Lockdown fatigue is not a new phenomenon. During the 1918 flu pandemic, San Franciscans threw their masks into the air when they thought the pandemic was over, not realizing a new deadly wave of flu would hit within weeks, said Chin-Hong at UC San Francisco.
“People are afraid that history is going to repeat itself,” he said.
California’s exuberant optimism that the worst of the pandemic was behind us was fueled by the state’s early success. While many people in California might not know someone who died, Chin-Hong said, in New York, it seemingly felt like everyone knew someone who died.
The public increasingly ignored the rules and demanded their summer on the sand, swimming, sunbathing and just hanging out. Unable to stop the crowds, county officials simply gave up.https://t.co/K7Yiigfscp
— Los Angeles Times (@latimes) July 3, 2020
(Local Paper) As holiday weekend approaches, Charleston-area restaurant workers fear what it might bring
By now, just about everyone in South Carolina is familiar with the graph charting the state’s new coronavirus cases. The trend line looks like a child’s drawing of a mountain cliff or a letter ‘L’ in repose, with a plateau followed by a sharp vertical flourish.
It also perfectly mirrors the fear and anxiety that food-and-beverage employees across downtown Charleston say they experience at work.
With positive tests for the coronavirus progressively thinning out local restaurant staffs, workers say they have less time to keep up with new sanitation protocols and more reason to worry about contracting the potentially deadly virus.
In interviews conducted over the past week by The Post and Courier, multiple employees at half a dozen leading Charleston restaurants have shared a remarkably similar story: They feel abandoned by public officials who championed reopening without restriction and endangered by patrons who mock their masks and flout social distancing rules.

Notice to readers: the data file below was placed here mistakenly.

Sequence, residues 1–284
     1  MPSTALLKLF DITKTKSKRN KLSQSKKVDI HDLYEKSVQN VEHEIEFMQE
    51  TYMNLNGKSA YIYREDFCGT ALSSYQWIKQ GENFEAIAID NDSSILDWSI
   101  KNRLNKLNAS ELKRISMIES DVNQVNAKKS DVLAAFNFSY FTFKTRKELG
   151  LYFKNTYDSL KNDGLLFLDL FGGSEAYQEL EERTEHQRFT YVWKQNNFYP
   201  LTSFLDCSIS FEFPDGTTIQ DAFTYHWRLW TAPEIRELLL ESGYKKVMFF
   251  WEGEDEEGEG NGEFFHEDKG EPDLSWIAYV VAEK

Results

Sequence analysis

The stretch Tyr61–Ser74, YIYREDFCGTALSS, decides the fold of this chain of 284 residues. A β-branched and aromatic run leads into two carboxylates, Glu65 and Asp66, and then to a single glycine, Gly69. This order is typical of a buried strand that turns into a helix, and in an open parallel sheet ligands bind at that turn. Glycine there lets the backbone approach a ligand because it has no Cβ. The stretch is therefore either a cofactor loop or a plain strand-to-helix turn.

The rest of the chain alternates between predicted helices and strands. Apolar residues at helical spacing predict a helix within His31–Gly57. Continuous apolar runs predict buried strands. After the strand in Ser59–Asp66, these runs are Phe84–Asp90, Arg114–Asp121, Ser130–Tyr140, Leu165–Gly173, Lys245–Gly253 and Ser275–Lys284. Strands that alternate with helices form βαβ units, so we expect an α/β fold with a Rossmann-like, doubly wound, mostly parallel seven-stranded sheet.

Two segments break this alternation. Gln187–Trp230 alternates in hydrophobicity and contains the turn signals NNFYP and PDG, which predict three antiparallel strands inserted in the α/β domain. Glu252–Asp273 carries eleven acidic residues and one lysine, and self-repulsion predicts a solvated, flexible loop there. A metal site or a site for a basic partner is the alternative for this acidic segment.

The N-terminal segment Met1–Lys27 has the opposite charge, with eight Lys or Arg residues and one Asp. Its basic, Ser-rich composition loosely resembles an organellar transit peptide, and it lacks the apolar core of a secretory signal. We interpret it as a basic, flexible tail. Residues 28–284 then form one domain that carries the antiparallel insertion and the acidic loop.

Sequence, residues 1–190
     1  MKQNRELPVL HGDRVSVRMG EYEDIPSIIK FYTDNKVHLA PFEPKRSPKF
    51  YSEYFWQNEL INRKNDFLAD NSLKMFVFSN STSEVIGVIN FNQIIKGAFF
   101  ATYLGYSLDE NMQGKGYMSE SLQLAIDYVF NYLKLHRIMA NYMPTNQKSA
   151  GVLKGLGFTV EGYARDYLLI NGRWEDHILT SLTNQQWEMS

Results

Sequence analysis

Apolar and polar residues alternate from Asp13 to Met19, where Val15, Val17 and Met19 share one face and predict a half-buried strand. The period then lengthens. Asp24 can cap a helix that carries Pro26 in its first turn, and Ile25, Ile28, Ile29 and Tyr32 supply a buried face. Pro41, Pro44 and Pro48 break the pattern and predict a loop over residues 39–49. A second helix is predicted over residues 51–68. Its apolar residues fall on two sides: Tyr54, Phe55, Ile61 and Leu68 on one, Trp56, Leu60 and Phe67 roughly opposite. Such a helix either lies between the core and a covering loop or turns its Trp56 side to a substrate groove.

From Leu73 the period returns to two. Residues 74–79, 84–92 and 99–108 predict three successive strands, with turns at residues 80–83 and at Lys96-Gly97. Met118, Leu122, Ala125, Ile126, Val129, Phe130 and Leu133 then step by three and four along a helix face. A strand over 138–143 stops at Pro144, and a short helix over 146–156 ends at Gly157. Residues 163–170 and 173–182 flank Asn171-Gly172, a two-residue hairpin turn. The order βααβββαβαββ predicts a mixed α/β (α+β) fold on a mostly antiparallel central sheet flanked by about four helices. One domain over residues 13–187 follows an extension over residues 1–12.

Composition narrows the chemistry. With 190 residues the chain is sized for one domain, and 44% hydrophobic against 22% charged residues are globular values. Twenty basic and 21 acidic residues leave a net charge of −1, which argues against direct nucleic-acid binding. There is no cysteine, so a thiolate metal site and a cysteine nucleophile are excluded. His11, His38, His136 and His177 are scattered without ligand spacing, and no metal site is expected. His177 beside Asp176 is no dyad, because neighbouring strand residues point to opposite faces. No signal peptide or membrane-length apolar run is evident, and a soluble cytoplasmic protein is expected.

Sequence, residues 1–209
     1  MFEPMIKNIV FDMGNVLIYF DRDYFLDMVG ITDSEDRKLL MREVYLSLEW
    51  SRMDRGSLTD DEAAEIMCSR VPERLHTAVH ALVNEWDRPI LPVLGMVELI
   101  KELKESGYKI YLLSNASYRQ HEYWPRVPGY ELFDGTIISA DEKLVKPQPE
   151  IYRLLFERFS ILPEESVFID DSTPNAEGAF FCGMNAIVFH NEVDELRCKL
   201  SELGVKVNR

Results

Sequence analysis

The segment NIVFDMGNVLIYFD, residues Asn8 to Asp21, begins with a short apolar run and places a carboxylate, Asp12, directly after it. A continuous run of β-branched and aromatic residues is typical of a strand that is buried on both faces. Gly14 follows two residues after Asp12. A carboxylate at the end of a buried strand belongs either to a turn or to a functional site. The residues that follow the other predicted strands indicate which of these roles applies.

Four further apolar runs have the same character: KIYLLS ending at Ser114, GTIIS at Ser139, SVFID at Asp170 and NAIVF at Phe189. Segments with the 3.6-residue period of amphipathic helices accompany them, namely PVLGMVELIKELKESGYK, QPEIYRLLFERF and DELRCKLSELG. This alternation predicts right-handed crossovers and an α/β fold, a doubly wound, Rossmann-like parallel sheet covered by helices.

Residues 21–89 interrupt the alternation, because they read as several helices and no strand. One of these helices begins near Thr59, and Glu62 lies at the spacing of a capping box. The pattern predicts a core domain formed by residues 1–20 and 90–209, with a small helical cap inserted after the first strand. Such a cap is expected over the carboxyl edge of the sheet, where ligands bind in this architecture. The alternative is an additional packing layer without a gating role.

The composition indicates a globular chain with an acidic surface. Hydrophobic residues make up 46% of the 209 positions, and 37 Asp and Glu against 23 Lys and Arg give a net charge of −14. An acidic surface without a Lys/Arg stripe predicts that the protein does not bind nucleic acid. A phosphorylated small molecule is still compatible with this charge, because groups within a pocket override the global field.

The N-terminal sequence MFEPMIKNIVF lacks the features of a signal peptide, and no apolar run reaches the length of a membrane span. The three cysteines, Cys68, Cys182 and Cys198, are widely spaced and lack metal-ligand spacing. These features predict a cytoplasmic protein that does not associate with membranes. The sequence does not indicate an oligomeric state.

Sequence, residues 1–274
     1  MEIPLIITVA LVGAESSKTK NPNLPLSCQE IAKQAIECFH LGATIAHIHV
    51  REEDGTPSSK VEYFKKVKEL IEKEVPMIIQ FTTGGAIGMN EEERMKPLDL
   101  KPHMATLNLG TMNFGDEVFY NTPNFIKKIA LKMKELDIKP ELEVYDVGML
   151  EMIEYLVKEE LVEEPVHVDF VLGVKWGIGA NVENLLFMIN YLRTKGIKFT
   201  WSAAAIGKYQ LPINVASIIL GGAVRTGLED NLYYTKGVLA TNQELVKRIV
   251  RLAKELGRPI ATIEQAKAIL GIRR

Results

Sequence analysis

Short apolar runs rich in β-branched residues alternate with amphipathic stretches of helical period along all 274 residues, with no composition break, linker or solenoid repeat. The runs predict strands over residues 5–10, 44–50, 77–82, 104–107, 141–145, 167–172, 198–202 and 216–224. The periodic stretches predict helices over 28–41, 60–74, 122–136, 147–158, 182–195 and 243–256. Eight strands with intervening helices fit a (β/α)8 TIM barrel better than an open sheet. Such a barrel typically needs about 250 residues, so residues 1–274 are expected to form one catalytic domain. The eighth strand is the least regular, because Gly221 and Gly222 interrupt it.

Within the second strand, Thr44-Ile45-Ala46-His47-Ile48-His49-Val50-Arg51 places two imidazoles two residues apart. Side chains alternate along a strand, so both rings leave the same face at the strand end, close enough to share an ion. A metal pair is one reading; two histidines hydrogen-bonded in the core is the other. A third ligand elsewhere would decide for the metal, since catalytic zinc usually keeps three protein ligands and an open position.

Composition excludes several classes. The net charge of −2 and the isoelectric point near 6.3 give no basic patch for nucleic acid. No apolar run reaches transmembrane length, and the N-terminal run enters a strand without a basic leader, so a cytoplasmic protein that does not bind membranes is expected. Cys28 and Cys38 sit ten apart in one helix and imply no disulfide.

Many front-of-house workers are so tired and stressed that they wish restaurants would revert to offering takeout exclusively, even if it would cost them tips.
“The restaurant industry feels unsafe,” says a former Leon’s Oyster Shop server who last month quit after learning co-workers who were exposed to the virus at a dinner party were still on the schedule.
“The restaurant industry feels unsafe. A lot of people want to get out of there, but it’s so hard to find another job,” a former Leon’s Oyster Shop server said.https://t.co/gU3ORr6ZBT
— The Post and Courier (@postandcourier) July 2, 2020
So then, brethren, we are debtors, not to the flesh, to live according to the flesh—for if you live according to the flesh you will die, but if by the Spirit you put to death the deeds of the body you will live. For all who are led by the Spirit of God are sons of God. For you did not receive the spirit of slavery to fall back into fear, but you have received the spirit of sonship. When we cry, “Abba! Father!” it is the Spirit himself bearing witness with our spirit that we are children of God, and if children, then heirs, heirs of God and fellow heirs with Christ, provided we suffer with him in order that we may also be glorified with him.